38. Fatima’s Revenge (2018)
This indie thriller tackles the Trump era head-on in the story of a undocumented Liberian woman hired as a caretaker for an elderly white veteran who turns out to be a raging, MAGA hat-wearing racist, sadist and serial killer (not necessarily in that order).
39. Ma (2019)
This juicy psycho thriller is a fascinating case study that delves into the cultural subtleties of race and difference. Octavia Spencer plays Sue Ann, a lonely, middle-aged woman who connects with a group of high schoolers who use her home as a safe place to party. They make her feel young again, and unlike when she was their age, she feels like one of the (white) “cool kids,” but when she becomes too clingy — Single Black Female-style — and the teens start to pull away, she’ll do anything to keep the party going. In flashbacks to Sue Ann’s childhood, race is never mentioned as a reason for her ostracism, but late in the film, when she delivers the menacing threat “They’ve only got room for one of us” to the only black member of her party posse, it’s clear that she’s aware of the racial strata. Her descent into madness reflects the subtle, incremental indignities of being a racial outsider and the toll it can take on one’s psyche.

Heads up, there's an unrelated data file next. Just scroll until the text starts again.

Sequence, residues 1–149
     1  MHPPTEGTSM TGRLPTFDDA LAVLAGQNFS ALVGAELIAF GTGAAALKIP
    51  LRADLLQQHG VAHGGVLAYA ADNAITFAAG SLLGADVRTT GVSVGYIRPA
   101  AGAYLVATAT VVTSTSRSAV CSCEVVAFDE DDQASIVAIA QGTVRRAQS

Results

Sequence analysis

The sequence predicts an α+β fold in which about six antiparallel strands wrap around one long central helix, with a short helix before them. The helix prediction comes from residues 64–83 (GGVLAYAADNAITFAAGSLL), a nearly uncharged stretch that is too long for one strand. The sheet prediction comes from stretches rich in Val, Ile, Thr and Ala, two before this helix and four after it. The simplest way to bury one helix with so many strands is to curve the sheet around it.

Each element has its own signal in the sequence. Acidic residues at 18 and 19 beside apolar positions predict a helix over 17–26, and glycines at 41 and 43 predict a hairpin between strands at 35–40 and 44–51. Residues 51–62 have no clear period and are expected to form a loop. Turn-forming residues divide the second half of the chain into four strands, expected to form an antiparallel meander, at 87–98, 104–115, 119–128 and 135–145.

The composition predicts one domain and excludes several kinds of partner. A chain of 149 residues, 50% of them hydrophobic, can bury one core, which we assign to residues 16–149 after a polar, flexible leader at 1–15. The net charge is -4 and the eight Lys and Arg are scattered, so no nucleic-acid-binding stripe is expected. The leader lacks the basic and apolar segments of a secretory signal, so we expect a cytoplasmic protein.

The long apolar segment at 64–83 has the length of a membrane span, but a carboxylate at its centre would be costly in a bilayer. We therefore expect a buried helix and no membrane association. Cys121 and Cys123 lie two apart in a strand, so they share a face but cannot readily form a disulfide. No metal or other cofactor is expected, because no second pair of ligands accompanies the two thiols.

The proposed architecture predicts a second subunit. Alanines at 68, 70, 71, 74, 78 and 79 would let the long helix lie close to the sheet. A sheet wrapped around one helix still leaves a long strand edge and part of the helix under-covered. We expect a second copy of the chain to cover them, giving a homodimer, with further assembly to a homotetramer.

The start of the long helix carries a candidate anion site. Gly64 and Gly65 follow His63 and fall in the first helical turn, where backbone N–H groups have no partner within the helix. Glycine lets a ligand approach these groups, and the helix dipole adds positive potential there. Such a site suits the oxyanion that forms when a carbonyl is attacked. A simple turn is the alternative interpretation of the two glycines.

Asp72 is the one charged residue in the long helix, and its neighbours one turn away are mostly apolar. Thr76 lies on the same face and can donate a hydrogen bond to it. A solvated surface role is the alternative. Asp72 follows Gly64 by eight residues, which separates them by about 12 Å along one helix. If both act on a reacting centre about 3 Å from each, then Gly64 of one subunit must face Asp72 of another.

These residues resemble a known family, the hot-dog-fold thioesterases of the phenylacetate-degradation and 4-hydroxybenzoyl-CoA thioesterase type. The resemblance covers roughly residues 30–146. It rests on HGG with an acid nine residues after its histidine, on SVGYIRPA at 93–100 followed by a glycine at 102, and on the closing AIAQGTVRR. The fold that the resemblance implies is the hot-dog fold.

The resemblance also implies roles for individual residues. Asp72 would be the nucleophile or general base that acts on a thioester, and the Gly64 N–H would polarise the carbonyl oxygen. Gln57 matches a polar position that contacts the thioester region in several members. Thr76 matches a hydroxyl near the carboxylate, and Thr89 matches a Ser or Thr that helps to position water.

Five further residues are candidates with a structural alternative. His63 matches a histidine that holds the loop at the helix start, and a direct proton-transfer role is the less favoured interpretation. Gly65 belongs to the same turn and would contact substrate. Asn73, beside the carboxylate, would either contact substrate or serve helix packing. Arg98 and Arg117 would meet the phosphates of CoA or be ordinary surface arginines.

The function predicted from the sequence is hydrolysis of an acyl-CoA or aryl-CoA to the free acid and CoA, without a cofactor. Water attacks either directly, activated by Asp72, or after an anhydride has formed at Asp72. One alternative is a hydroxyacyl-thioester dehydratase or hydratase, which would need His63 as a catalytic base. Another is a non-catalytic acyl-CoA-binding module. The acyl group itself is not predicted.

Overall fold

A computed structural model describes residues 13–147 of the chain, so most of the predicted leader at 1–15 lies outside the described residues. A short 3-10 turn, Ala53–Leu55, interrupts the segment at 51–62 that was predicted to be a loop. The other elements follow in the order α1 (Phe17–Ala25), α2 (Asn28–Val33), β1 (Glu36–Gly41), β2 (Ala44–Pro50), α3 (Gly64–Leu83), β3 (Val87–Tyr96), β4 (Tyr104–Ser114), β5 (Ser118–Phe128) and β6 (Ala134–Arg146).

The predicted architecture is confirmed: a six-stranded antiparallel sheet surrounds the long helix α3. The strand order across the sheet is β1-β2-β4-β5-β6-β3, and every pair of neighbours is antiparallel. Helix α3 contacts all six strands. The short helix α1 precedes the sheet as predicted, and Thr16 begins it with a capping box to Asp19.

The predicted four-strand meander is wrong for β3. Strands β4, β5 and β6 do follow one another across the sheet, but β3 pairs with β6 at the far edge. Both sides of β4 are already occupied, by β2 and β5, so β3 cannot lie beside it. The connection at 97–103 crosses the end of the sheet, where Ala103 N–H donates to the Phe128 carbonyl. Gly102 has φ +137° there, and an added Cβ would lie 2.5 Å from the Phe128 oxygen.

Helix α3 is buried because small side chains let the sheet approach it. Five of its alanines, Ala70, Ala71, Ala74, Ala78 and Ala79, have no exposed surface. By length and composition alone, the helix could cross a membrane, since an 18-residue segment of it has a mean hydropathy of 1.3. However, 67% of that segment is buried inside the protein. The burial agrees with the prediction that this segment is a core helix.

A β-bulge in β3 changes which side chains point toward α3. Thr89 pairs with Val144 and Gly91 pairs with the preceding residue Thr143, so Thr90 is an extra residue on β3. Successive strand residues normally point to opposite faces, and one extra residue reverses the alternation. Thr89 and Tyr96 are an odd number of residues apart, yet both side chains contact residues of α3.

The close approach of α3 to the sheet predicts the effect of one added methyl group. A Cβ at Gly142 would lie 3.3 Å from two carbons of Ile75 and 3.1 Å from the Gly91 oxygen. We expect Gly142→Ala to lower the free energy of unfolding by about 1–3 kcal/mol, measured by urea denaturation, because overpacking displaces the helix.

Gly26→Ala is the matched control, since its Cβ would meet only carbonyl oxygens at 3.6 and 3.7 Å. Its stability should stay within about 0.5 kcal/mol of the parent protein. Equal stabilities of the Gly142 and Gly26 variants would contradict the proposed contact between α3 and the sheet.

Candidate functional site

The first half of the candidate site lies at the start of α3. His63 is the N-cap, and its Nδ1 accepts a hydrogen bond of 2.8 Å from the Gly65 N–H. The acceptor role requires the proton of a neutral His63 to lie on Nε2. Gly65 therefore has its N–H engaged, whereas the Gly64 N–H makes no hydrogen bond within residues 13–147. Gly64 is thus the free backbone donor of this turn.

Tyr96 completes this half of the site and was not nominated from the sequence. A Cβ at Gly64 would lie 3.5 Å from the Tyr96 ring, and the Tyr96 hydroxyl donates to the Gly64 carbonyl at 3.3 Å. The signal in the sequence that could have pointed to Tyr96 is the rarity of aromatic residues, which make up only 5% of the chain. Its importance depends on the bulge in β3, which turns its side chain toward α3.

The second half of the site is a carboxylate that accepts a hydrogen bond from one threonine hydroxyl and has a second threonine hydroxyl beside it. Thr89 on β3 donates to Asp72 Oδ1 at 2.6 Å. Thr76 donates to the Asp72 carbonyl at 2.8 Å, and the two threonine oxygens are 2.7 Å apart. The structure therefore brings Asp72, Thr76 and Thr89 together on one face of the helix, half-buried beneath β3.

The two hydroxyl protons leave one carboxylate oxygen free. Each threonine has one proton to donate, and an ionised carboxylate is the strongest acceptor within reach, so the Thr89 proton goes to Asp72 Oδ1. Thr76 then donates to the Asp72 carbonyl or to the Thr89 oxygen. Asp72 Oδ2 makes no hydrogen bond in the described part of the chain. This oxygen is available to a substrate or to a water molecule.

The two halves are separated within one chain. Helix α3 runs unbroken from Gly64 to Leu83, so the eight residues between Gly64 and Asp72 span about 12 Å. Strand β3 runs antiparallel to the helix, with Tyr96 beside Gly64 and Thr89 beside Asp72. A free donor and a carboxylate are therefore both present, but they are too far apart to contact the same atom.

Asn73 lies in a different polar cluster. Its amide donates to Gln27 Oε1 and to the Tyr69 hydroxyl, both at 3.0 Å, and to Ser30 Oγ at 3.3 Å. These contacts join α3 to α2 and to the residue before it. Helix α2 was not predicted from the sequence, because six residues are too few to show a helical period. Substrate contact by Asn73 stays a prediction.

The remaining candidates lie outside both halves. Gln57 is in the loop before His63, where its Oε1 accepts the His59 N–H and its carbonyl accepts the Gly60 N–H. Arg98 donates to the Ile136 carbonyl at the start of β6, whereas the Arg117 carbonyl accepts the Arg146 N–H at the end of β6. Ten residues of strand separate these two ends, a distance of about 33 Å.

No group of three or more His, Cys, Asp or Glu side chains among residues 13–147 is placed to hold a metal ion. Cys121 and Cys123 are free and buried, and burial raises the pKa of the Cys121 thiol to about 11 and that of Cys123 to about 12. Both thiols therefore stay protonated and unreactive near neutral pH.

40. Body Cam (2020)
This timely film stars Mary J. Blige as a cop who must not only overcome the animosity from her community generated from police abuse cases that seem to disproportionately affect black citizens, but also solve a string of attacks on her colleagues that appear to be supernatural in origin.
I always associated Kong with the tragedy of slavery. Taken against his will from his home and exploited and, when he escapes and rightfully attacks his captors, he is killed.